What is now called Inverness was once home to the Pictish King Brude, who Saint Columba converted to Christianity around the year 565AD, and there has been a settlement here ever since. The city and surrounding areas are full of historic — and prehistoric — sites for the visitor to explore. Here are nine, spanning a huge range of time, but all within a short distance of the city itself.
Visible from most of Inverness is the hill of Craig Phadrig, and this is the most likely contender for the original site of King Brude’s settlement. It is a lovely walk through the woodlands, and offers fine views. There is little to see of the original Iron Age hillfort located here apart from some lumps and bumps at the top of the hill, but it is worth the climb to gaze out across the Beauly Firth and to the mountains, all the while imagining what life must have been like, living on this hill 1500 years ago.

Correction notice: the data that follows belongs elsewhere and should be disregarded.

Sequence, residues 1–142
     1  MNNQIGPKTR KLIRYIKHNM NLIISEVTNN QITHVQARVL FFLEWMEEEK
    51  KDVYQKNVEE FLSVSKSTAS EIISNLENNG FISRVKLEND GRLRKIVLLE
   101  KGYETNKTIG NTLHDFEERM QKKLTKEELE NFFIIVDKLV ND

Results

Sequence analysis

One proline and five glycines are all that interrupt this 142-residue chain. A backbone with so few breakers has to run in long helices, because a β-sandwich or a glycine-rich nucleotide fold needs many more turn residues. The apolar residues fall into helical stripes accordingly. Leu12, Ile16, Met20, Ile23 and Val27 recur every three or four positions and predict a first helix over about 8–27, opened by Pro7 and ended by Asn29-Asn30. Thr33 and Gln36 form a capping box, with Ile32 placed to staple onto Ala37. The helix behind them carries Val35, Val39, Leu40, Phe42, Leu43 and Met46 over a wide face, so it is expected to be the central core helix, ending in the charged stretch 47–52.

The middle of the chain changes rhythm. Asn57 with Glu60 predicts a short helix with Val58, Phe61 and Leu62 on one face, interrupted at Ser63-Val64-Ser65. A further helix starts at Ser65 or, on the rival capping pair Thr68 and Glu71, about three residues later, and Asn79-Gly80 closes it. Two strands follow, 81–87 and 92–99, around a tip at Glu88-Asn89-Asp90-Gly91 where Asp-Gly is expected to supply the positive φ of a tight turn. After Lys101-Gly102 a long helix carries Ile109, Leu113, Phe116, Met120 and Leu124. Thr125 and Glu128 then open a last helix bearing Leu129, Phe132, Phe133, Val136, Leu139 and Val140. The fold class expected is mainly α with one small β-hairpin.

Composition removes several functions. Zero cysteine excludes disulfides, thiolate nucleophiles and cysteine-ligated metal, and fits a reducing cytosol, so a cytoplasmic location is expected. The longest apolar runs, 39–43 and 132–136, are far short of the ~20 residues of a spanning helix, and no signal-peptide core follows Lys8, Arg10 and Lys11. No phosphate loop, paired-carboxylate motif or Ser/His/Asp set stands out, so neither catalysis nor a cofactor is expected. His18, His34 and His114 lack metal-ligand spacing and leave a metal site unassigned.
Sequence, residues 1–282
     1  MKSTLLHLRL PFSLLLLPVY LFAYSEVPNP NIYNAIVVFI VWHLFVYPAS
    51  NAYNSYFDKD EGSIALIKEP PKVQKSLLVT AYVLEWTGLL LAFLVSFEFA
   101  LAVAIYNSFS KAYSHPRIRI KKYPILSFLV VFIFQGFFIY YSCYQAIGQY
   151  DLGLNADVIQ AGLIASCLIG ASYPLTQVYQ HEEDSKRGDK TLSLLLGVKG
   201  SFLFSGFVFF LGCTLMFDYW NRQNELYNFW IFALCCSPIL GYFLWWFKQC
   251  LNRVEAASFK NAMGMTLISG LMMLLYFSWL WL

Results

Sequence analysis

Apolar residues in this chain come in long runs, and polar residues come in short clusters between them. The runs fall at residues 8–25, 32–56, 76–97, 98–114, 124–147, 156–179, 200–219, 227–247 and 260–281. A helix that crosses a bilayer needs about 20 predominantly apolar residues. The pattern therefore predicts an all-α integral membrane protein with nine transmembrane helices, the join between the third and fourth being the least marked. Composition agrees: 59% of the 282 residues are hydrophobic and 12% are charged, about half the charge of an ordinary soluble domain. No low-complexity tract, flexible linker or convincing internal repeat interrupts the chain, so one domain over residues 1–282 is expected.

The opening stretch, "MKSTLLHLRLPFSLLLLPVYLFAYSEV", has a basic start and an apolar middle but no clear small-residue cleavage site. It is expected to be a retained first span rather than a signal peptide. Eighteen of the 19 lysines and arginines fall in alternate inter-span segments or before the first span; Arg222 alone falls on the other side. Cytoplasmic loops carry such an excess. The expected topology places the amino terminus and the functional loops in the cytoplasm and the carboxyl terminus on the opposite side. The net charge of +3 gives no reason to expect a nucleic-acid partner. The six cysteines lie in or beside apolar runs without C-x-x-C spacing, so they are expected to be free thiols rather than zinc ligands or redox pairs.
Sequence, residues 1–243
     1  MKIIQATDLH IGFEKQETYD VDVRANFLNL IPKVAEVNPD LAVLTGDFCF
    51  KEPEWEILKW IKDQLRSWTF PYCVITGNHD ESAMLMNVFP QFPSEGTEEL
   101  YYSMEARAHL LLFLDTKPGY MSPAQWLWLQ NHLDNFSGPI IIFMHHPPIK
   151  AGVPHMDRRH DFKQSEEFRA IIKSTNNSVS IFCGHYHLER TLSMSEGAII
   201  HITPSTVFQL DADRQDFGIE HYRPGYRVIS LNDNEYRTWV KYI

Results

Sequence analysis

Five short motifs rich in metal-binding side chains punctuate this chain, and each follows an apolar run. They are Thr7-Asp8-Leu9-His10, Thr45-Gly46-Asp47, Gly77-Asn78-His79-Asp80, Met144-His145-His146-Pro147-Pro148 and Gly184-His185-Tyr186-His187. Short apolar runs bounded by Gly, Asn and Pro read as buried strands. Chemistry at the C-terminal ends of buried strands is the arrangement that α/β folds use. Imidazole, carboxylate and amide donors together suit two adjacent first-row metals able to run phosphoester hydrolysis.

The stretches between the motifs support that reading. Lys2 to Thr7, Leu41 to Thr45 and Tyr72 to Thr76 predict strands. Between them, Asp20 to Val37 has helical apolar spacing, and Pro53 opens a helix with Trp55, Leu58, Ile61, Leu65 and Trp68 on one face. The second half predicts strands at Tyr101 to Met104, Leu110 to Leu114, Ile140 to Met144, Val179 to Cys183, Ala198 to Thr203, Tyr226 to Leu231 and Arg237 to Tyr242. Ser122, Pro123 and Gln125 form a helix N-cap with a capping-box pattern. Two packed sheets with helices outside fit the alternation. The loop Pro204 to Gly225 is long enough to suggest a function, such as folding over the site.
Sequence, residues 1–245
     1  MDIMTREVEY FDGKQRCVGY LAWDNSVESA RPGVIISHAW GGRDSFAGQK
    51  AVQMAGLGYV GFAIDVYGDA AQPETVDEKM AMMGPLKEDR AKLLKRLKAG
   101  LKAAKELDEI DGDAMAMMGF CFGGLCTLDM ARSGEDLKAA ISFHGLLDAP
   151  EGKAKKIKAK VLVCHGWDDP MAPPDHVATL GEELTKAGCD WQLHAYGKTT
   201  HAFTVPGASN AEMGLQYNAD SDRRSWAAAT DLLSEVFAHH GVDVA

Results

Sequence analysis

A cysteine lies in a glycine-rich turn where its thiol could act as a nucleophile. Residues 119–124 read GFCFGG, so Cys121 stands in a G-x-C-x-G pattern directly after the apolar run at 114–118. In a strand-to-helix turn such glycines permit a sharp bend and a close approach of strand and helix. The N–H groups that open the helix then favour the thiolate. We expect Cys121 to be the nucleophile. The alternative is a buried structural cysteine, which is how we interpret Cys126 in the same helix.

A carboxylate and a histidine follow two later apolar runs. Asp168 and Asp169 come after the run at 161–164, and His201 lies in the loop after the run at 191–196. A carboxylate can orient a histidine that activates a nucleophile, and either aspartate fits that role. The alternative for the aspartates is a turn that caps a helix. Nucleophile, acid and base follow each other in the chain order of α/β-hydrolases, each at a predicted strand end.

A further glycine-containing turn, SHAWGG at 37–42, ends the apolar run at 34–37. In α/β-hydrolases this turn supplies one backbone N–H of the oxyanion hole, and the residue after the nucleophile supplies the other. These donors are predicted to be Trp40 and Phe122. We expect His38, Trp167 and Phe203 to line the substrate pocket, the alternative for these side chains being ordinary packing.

Just a short drive north of Inverness is the former home of the 19th century geologist, folklorist, author and all-round polymath, Hugh Miller. The house is run by the National Trust for Scotland and contains many of Miller’s possessions and, as such, gives a glimpse into life in the early Victorian era in Scotland. There is an attached museum, itself a Georgian Villa, and the cobbled courtyard and small garden are quiet and peaceful places to pause.